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Sermon: Sunday, February 18, 2024 - Lent I - Mark 1: 9-15

by Rev Greg Wooley

On this first Sunday in Lent, that exploration of deep spirituality begins with the story of Jesus’ spiritual preparation in the wilderness.  Most Bible commentators, dealing with the more detailed versions of this story in Matthew or Luke, focus mostly on the three-fold temptations placed in front of Jesus by Satan, and the scripture-based ways Jesus resisted those.  

But there’s an oft-overlooked line in both Matthew and Mark that wouldn’t let me go: “and angels attended him.”  The Oxford dictionary states that an angel is “a spirit who is believed to be a servant of God, and is sent by God to deliver a message or perform a task.”  Perhaps no theological concept is more beloved, or more dismissed.  There are people with no religious leanings whatsoever for whom the concept of a guardian angel is extremely meaningful; and there are devoutly religious people for whom Angels are pure fiction. Then there’s the whole schema of fallen angels, which is well outside of my scope today.  Over my years in Ministry, whenever people talk about angels, I just kind of listen, for however it functions for you is good by me, so long as it fits into an overall belief system that is healthy & life-giving.  

As I looked for writers who could guide me through this first chapter of Mark, I found Rev Talitha Arnold, a long-time United Church of Christ Pastor in Santa Fe, NM, and I will be quoting freely from her article “Angels in the Wilderness,” for she puts into words the stirrings of my spirit. 

She writes, “There were angels in the wilderness. Along with Satan, the wild beasts and everything else one finds in the desert--heat that burns your skin, thirst that makes your tongue stick to the roof of your mouth, plants crowned with thorns--there were also angels, ‘who ministered to [Jesus].’

“In his lean, spare Gospel--the shortest one of all--Mark included the angels that Jesus met in his lonely sojourn…. In Luke's version of the same story, [angels are left out] entirely. In Matthew's Gospel, the angels only show up at the end. But in Mark, they're there the whole time, all forty days.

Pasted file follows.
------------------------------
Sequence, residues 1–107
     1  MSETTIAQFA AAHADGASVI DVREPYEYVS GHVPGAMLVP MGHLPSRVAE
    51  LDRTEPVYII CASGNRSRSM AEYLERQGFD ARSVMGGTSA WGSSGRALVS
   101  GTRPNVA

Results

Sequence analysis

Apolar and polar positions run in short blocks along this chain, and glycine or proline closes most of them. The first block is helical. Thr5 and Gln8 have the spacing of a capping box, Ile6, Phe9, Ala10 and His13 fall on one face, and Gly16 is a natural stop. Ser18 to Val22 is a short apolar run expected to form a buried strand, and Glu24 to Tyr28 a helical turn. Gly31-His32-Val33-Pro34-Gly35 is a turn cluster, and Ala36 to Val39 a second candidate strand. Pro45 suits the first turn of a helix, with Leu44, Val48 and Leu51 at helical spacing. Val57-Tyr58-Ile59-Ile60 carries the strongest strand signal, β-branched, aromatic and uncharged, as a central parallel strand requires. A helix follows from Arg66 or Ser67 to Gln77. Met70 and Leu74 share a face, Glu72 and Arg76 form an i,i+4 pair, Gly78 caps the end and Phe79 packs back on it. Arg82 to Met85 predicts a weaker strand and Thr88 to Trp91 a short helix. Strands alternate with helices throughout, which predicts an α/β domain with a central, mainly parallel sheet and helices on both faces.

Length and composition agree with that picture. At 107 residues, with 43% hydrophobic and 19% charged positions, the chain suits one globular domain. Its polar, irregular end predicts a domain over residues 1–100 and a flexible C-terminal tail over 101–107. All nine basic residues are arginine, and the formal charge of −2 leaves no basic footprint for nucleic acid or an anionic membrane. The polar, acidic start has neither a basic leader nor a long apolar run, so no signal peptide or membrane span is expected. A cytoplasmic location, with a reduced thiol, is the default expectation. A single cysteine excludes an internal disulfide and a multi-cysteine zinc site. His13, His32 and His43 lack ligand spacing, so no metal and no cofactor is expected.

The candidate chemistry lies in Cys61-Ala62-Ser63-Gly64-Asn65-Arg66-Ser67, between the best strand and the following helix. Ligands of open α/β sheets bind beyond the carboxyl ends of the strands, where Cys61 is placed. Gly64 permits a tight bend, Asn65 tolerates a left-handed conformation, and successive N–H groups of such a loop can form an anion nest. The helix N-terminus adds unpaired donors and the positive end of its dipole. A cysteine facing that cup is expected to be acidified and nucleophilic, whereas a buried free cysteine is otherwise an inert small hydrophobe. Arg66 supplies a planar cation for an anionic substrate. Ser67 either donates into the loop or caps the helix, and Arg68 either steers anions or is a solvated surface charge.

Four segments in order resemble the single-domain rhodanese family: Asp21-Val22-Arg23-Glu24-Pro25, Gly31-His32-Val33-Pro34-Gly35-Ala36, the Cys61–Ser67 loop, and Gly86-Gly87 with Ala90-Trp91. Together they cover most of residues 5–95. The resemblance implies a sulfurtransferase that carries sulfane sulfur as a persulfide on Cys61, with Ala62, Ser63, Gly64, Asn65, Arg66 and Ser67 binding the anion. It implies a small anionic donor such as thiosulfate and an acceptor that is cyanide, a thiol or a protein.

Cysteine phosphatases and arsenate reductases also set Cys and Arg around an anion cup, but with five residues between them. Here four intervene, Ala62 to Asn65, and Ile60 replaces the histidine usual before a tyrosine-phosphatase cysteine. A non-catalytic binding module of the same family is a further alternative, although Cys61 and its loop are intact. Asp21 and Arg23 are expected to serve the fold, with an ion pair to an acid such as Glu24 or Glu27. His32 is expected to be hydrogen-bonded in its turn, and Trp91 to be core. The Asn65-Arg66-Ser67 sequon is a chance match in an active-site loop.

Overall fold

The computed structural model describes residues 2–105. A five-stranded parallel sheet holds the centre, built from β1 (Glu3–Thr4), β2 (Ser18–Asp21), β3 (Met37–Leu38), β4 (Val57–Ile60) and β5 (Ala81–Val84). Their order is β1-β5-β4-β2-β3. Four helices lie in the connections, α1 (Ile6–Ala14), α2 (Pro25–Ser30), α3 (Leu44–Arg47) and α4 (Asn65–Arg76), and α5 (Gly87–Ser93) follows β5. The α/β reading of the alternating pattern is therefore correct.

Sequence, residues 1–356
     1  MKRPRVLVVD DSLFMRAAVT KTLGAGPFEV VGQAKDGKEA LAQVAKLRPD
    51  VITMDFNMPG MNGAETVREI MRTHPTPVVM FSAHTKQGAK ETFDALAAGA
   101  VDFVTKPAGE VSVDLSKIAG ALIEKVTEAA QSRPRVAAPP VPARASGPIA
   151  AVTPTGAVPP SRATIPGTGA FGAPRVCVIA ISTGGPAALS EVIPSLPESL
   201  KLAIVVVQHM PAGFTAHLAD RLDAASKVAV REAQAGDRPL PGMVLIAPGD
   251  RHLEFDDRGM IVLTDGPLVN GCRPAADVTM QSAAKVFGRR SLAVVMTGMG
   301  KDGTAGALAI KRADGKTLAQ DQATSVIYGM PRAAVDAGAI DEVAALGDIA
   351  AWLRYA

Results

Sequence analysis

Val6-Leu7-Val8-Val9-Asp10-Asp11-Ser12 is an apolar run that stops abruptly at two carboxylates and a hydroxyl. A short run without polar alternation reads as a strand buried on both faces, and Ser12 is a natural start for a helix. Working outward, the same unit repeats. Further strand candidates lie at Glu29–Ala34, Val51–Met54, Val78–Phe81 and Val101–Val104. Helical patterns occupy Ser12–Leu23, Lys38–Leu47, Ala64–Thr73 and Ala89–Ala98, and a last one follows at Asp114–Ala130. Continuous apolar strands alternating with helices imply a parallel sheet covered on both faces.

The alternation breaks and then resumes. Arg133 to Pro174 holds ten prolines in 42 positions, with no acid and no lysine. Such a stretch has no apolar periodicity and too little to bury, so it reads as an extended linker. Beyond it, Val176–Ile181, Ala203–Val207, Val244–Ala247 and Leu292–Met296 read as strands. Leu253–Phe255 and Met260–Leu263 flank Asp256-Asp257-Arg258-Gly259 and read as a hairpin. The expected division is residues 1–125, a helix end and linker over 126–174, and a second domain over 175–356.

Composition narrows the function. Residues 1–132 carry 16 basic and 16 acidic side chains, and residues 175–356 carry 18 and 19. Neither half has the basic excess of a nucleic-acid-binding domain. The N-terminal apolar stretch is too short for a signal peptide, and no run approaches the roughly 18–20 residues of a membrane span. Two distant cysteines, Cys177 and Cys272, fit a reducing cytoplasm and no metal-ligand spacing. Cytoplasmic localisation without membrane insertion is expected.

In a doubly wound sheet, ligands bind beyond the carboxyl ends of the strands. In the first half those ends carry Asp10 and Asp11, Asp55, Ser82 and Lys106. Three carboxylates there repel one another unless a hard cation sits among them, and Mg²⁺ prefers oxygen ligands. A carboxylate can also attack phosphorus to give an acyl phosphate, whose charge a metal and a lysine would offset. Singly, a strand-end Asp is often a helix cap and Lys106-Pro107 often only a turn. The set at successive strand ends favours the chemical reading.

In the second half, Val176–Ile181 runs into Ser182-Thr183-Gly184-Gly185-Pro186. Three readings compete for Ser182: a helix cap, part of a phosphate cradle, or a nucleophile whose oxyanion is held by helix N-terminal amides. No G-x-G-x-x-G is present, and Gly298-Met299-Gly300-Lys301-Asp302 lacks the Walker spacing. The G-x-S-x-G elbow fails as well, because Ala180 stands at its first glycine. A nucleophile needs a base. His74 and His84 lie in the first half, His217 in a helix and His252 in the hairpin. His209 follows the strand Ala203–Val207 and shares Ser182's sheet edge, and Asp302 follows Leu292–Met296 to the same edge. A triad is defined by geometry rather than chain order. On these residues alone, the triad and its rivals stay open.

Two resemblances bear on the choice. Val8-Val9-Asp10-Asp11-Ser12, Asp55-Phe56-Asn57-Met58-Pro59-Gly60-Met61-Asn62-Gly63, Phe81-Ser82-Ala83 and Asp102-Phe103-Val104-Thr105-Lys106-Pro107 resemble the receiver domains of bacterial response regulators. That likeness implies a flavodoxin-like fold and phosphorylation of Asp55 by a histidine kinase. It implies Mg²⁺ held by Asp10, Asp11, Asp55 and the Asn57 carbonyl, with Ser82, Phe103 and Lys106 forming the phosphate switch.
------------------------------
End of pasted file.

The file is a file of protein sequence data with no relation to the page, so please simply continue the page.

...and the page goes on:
“It's not as if Mark has a thing for angels. He doesn't. Other than this story about Jesus in the wilderness, angels seldom show up in Mark's Gospel…. So, when Mark does include angels helping Jesus in the wilderness, we need to sit up and take note.

She continues, “We need to be honest about the trials and temptations Jesus faced in the wilderness and that we face in our own lives. We also need to acknowledge the wild beasts that surrounded him in that desert, just as we need to acknowledge the things that [frighten us to the core]. Lent is a time to do that. But it's also a time to remember the angels, in his wilderness experience and in ours. To remember, as Mark does, that they were there for him from the very beginning of his 40-day journey, just as God had been with his ancestors every day of their 40-year desert journey in the wilderness. Just as God promises to be with us in the wild, lonely places of our lives.”

Over my years with you, I’ve been open about the wilderness times of my life’s story.  I believe it’s important for a community of faith to have spiritual honesty and emotional safety as a baseline, to provide a safe place where we can speak of our struggles and find support.  And as much as the Biblical account of angels speak of supernatural beings sent specifically by God, my understandings of how God works through the Spirit also has room for us to be angels of deliverance to one another.  Countless times in our lives, we feel inspired to reach out to someone in love.  Sometimes we know they’ve been going through a rough patch, sometimes we have no idea of that… but they have been troubled, and our kindness, support and presence has been nothing short of holy.  And other times we’ve been on the receiving end of such heavenly messengers and in those angelic encounters we experience the reality of God’s love.